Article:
Anywho, back to the topic, there is evidence that my eyes work in determining stuff and my logic has worked too. When I am wrong, what has failed me? My eyes have failed me, true. My logic has failed me, true. But there is no doubt (in my mind at least) that those were the things that I used.

It sounds like the argument is being made that there is some kind of underlying layer of faith in all things that we do. If that is the case, I’m willing to agree to that. I would make it wholly separate from the conscious, intellectual act of faith; a choice. The first I will agree to being possible, the second, a choice of faith, I would say I never chose faith.

:stuck_out_tongue:

Well then let me amend my comment. That’s a hell of a photograph! Always pays to have a camera on hand.

I don’t think I have a problem with this. I think people of “faith” or who proclaim they believe in something based on “faith” probably really have rational reasons deep down. Maybe it makes them feel better to believe in something. Is that valid? Maybe, maybe not. But it is a conclusion drawn by choice at some level, I would say, and not purely on faith.

Still, my larger point would be that there must be an underlying layer of faith that allows us to function without ever being totally sure our minds are properly assessing what we are experiencing. Our functioning is sustained moment by moment by such a faith. And if that’s the case, one could make an argument that faith has some credibility, some purpose, some usefulness.

If all you mean by “having faith” is believing that the food won’t poison you, then, of course, you are right. People who believe that food will poison them without having any evidence for that are called “paranoid” and are mentally disturbed. But I thought that faith was belief without evidence, and your belief that the food will not poison you has plenty of evidence to back it up. So it is not faith at all.

[
[/quote]

I see your train of thought but the faith is that the stats for past incidences of food poisoning will resemble the future instances. Things could (and have been known to) change suddenly, our food sources could become compromised without our knowing.

Only faith can ward off such scepticism - no?
[/quote]

So you mean that because it is possible that things might change it is not rational to believe that what has happened many times before will happen again? Why is that? From the fact that the inference from the past to the future (really from the known to the unknown) is fallible so that you might make a mistake, why does it follow that it is not rational to make that inference? No reason in the world that I can see.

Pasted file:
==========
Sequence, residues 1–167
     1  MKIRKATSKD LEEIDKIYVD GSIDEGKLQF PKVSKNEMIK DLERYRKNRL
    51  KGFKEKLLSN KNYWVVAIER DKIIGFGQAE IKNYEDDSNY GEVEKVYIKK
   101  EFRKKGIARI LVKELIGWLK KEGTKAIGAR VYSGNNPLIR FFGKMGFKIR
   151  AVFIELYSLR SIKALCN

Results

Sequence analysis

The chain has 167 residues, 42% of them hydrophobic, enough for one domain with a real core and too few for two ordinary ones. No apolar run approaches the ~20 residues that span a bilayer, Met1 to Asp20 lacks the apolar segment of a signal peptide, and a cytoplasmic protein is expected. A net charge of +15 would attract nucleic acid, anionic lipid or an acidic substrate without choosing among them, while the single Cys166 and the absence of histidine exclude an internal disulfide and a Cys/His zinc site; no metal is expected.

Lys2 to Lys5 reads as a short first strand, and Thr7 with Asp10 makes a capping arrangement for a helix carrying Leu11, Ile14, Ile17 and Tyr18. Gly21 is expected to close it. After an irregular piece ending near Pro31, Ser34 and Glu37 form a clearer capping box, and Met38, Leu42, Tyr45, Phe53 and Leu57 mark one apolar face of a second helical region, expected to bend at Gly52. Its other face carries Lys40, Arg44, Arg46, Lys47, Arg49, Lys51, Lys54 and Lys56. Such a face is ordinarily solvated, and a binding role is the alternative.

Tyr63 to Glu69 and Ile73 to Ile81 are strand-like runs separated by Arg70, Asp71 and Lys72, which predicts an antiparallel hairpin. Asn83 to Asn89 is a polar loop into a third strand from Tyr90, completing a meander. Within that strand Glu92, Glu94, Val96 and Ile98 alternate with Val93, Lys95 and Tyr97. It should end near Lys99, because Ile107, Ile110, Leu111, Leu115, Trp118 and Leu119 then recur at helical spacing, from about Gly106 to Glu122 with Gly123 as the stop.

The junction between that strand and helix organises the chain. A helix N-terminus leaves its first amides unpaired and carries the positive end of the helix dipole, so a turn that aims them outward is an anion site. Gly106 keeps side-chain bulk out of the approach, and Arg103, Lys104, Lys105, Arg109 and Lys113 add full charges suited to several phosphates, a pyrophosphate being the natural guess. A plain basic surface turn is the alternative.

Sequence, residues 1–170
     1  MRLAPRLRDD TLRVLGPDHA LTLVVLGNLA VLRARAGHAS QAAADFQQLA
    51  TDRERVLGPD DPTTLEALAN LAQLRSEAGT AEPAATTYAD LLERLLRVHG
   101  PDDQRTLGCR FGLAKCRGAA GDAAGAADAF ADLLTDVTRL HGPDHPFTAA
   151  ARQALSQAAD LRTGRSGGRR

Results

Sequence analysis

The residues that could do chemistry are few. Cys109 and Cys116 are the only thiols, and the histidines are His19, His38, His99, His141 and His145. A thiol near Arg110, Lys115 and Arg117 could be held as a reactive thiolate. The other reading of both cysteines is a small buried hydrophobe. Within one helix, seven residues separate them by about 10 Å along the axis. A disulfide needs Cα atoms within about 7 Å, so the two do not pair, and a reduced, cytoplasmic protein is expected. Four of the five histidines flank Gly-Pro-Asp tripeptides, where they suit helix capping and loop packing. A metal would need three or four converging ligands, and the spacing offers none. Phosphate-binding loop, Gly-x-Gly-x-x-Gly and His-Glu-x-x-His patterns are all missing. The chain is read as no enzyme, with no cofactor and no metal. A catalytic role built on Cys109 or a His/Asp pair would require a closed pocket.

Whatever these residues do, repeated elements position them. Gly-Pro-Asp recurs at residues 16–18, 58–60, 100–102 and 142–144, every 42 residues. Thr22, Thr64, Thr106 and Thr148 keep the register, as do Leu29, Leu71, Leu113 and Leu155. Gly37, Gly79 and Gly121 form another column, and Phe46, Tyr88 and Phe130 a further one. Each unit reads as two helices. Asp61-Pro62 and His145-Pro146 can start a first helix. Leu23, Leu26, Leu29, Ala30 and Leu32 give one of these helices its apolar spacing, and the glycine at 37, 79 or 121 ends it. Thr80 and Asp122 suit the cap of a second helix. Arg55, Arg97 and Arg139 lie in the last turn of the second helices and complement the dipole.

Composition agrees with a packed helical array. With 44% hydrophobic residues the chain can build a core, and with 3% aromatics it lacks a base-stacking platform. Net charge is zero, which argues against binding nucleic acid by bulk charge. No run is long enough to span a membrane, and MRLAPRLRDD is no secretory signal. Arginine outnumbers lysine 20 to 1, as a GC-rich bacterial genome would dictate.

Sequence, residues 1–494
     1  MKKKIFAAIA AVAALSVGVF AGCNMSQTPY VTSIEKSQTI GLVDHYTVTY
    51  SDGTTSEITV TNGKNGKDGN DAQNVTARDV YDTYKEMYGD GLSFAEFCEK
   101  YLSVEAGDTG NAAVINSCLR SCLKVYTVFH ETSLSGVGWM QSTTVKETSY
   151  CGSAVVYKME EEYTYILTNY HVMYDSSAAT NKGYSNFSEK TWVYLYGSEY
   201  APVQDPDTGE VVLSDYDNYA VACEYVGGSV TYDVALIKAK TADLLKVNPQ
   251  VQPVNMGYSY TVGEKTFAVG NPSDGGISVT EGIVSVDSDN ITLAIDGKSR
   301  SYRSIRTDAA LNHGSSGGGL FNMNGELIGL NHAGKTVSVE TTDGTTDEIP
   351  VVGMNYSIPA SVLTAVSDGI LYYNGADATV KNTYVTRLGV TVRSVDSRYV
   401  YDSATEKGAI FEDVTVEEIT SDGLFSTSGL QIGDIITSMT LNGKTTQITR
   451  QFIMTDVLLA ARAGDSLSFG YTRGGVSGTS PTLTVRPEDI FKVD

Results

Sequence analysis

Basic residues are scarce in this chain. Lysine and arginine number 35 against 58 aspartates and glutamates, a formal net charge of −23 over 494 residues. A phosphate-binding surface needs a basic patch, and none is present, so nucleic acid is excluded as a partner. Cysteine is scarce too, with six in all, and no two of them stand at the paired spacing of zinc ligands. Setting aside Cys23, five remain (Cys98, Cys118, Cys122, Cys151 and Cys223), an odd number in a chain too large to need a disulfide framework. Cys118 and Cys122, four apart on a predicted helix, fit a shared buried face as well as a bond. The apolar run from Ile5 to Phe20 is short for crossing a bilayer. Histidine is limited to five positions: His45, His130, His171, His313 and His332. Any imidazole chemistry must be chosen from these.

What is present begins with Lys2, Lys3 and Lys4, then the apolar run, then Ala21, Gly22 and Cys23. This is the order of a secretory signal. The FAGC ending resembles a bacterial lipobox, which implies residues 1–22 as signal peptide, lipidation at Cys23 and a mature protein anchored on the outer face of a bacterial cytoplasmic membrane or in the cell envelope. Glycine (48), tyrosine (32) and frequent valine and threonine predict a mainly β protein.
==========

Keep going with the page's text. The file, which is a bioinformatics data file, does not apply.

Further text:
That view would imply that just because it is possible to imagine that a person who is decapitated would not die, but would walk around without a head, that it is not rational to believe that if you have your head cut off, you will die. The only faith needed is the faith that such a view is not absurd!

An “underlying layer of faith” it is! It is refreshing to bridge a bit of compromise between two positions. It hardly hurt at all! :smiley:

We could be an inspiration to all of ILP!

I strongly expect that when I sit down my chair will not collapse under me. If that is what “an underlying layer of faith” is supposed to be, I suppose I agree. But I would not call it “faith”. I would call it “rational expectation”. In his devilish “Devil’s Dictionary” Ambrose Bierce defines “faith” as follows:

Faith: Belief without evidence in what is told by one who speaks without knowledge, of things without parallel.

Faith (used in the normal way) is just a confident belief in something. People understand what I mean when I say, “My wife is faithful to me”. All that this means, is that I have good reason to be confident in her.

Usually, I should hope that faith is given by some kind of justification; for instance having faith that your chair won’t break when you sit on it. There’s plenty of good reasons for us to have faith… faith is not something that you have only in the abscence of reason and logic. That idea of faith is rather perverse.

Tell me, why is it rational to believe that when I let go off the spoon it will drop to the floor?

Just because something has happened doesn’t mean it is a future possibility, let alone a probability. Ever seen Groundhog Day?

“It is no more rational to believe that the sun will rise tomorrow than to think that it won’t.”

I can hope all I like that the sun will rise tomorrow, but it won’t make one jot of difference as to whether it does.

Well that’s not exactly what I’m saying. Your expectation that the chair will not collapse is indeed rational. Having an idea that your eyes are not deceiving you when you look at what you believe is a “chair” and that your mind is able to assess the situation properly so that you can go on to formulate your rational expectation, is based on some kind of faith, I would say. I wouldn’t know what else to call it.

At some level you have to trust your interpretation of what you perceive to be reality.

We all have, and must have, faith. That faith can be blind, or it can be based on evidence. Not a very difficult choice if you ask me.

That’s really all there is to it.